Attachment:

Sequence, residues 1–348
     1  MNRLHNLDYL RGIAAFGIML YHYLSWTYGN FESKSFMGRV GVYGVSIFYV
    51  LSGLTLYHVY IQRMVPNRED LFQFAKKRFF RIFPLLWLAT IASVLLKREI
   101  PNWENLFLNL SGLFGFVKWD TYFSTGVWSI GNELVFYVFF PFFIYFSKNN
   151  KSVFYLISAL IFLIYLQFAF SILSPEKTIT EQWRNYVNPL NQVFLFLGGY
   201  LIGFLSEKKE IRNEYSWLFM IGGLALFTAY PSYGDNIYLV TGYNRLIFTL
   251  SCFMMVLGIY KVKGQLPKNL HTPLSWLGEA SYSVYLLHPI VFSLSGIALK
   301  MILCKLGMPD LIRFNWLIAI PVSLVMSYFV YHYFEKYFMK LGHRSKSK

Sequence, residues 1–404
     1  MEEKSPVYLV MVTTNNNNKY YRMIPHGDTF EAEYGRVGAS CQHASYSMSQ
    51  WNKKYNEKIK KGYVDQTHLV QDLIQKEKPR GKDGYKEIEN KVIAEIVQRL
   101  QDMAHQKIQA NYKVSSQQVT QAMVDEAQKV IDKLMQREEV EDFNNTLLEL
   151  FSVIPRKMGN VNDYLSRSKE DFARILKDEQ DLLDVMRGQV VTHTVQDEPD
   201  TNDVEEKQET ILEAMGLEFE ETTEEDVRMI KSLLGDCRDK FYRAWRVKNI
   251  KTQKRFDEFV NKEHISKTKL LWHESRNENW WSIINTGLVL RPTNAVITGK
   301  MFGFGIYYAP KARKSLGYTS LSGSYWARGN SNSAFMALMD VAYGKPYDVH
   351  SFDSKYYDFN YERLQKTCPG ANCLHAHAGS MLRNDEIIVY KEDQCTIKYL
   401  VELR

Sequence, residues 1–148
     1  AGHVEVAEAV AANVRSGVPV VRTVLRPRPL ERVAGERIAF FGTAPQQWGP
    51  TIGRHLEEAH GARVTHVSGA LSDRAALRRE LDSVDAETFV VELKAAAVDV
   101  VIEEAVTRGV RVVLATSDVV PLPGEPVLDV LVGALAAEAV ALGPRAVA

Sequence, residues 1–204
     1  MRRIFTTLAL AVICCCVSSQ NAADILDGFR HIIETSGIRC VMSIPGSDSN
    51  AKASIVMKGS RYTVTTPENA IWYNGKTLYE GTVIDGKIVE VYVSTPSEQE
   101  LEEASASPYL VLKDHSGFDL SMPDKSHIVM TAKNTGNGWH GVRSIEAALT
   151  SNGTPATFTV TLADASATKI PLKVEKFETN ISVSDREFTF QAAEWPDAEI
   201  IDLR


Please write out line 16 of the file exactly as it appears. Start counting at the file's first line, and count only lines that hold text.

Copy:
   301  MFGFGIYYAP KARKSLGYTS LSGSYWARGN SNSAFMALMD VAYGKPYDVH